In our own garden, I am excited by the prospect of hopefully picking our first crop of grapes this year and seeing our blueberries and blackberries return. These fruits are all cold hardy varieties that I specifically selected to ensure they survive (and hopefully thrive) at our farm.

You can read the whole article here.

For my fellow cold climate dwellers, do you have any recommendations of particular varieties that you grow at your garden? Or tips to help plants survive cold weather? What climate and growing challenges do you face in your garden?

Seed starting plan from Sarah in Illinois

Sarah in Illinois is being very methodical in her garden planning this year. She’s here today sharing how she’s mapping out what she’s going to grow and when she’s going to start planting.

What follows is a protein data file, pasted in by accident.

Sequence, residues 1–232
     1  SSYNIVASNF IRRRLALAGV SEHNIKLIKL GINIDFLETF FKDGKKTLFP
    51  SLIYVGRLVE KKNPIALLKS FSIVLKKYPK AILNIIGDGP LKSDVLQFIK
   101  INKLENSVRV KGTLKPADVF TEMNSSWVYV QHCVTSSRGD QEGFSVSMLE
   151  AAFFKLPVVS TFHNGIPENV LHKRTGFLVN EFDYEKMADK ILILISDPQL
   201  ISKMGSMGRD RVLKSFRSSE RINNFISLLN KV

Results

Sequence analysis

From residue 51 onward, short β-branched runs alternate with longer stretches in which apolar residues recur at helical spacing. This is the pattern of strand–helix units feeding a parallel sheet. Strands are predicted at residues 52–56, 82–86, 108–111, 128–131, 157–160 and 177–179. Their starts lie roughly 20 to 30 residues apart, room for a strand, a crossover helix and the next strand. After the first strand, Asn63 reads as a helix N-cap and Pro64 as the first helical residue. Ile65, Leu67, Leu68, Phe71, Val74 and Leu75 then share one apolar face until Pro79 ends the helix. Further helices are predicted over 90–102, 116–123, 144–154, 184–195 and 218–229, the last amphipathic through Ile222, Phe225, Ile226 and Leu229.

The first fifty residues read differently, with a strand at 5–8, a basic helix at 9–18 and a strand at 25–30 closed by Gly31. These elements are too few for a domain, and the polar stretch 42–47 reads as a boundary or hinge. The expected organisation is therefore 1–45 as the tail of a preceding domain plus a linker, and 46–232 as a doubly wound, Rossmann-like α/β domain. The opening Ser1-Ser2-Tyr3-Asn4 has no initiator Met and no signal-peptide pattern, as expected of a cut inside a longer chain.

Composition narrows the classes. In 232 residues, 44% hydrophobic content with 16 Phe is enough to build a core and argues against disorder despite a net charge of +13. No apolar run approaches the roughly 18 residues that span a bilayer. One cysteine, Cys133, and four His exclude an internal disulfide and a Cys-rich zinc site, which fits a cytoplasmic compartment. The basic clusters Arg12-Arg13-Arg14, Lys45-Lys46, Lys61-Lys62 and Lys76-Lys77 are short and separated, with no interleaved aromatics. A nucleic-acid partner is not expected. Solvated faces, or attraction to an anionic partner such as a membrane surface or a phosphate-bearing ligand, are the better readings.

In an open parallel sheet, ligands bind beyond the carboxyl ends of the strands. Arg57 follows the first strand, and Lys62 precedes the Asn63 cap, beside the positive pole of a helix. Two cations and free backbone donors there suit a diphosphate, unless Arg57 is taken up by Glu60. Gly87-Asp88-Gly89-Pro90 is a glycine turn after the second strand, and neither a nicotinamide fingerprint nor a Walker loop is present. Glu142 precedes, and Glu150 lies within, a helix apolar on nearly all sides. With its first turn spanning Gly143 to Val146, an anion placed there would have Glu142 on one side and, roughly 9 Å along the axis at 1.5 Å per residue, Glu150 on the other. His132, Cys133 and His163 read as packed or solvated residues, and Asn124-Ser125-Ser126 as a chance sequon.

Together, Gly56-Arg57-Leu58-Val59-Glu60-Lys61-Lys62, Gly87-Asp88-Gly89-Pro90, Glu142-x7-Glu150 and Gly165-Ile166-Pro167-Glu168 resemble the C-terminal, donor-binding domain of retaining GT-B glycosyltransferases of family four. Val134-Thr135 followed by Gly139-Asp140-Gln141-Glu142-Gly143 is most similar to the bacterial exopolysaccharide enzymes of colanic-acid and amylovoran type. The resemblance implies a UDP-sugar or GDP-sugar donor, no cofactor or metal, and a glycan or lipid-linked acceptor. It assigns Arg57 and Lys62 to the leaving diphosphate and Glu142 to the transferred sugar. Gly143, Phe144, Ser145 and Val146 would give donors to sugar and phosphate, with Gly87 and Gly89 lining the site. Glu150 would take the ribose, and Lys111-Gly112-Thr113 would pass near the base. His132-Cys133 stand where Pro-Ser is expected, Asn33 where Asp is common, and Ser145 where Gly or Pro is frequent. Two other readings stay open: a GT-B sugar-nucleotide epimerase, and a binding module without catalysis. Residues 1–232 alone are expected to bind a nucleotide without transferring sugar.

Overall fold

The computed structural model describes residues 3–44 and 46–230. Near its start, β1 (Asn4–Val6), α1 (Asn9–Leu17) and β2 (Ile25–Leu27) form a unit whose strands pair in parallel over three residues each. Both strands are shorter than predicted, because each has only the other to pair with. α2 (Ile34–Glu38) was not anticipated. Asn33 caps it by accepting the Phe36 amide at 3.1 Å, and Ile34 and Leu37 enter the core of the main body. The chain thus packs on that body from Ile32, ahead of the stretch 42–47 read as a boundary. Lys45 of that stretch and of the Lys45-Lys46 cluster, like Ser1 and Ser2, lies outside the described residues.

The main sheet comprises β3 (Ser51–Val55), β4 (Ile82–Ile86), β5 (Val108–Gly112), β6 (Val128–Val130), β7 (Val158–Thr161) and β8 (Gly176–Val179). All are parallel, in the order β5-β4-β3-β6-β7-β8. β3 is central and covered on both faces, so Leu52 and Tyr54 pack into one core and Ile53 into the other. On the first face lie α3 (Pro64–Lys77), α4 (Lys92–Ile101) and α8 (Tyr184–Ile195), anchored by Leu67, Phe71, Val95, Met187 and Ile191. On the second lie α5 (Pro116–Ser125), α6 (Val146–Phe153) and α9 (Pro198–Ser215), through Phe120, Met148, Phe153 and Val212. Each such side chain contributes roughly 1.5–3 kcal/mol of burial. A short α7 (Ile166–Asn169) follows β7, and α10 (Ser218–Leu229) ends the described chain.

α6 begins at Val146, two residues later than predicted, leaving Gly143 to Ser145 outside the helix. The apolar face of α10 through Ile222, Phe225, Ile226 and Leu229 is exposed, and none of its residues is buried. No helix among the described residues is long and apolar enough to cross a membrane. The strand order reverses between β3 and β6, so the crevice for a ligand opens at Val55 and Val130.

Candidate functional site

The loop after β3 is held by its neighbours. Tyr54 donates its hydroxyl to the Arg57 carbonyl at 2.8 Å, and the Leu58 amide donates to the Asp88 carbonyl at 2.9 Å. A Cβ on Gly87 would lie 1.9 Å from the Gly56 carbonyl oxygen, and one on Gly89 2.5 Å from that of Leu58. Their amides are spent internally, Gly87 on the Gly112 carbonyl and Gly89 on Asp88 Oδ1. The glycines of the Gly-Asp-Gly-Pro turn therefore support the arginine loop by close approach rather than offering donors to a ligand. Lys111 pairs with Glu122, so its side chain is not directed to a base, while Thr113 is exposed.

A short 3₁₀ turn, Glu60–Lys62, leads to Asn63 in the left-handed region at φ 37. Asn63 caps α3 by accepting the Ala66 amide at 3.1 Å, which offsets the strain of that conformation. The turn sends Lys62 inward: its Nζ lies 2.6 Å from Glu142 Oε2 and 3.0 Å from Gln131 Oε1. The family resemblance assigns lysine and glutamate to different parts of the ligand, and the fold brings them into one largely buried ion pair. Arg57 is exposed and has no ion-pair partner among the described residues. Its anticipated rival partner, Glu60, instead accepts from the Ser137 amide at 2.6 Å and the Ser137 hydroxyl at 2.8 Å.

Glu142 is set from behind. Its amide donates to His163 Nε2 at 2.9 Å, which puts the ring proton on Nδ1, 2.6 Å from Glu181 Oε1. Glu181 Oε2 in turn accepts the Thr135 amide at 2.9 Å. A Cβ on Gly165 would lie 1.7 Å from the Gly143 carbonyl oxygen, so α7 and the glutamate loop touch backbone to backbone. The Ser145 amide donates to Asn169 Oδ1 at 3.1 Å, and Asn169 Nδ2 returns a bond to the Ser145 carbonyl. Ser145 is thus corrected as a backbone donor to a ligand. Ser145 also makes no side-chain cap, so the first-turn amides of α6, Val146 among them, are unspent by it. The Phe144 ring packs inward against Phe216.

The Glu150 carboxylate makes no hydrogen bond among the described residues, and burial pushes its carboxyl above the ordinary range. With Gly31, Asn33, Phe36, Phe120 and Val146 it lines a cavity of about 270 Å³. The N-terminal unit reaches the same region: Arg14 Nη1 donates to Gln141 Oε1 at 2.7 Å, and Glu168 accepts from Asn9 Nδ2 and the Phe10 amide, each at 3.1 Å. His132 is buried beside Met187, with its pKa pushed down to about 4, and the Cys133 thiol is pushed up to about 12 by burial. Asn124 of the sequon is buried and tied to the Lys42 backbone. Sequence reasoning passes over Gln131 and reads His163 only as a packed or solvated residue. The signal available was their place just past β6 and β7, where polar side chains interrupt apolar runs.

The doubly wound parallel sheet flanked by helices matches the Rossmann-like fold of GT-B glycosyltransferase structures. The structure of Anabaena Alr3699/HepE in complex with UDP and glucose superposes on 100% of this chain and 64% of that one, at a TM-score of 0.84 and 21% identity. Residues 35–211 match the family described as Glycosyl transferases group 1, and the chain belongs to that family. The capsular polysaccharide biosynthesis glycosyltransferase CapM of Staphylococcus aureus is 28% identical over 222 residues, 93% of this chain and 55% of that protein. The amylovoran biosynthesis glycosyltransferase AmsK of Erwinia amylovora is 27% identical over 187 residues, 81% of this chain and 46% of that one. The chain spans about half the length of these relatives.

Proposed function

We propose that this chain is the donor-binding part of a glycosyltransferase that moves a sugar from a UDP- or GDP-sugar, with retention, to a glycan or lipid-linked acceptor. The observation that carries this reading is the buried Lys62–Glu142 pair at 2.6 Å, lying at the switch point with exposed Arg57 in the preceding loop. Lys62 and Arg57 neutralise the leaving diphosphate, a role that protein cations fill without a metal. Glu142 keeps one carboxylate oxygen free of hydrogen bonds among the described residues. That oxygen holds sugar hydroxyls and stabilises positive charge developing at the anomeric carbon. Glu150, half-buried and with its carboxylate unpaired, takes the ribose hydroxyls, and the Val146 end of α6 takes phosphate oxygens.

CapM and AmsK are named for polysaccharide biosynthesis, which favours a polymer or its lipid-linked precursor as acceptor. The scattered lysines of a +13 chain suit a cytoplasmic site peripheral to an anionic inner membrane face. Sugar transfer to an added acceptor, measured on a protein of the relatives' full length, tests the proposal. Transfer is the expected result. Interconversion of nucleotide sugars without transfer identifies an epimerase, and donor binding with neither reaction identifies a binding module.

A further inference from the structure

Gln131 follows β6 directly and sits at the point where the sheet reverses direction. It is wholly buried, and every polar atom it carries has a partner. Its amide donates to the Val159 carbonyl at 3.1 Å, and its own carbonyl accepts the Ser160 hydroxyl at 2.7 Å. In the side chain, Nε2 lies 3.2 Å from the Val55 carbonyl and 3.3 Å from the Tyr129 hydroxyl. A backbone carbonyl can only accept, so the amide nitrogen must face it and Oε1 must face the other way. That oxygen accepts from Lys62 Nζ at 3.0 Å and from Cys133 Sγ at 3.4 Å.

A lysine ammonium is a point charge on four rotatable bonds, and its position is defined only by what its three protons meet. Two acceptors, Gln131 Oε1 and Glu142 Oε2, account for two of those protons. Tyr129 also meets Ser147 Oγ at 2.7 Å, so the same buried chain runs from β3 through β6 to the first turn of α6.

We’d love to hear your tips for starting your garden. What works for you? How do you  plan what you do when?

We still have below freezing temperatures down here, but it hasn’t stopped me from daydreaming about being out in the garden. One way to fill that void is to make a to-do list or game plan for the spring. Here are a few things that I have planned for the upcoming weeks.

1. Make a list of what I want to grow in the garden this year and divide them up into 3 categories: start indoors from seed, sow seed directly into the garden and purchase as established plant.

2. Place order for any seeds purchased through mail order.

3. For seeds started indoors, plan what day I should start them.

To do that I searched online for last frost date for my zip code. One source said April 17 and another said April 14. I decided to just use April 15 since it is an easy date to remember (tax day for us Americans). So for example I want to start my Black Krim tomato seeds indoors. The packet says to start 6-8 weeks before planting outdoors. So I should start it indoors sometime in between Feb. 18 and March 4.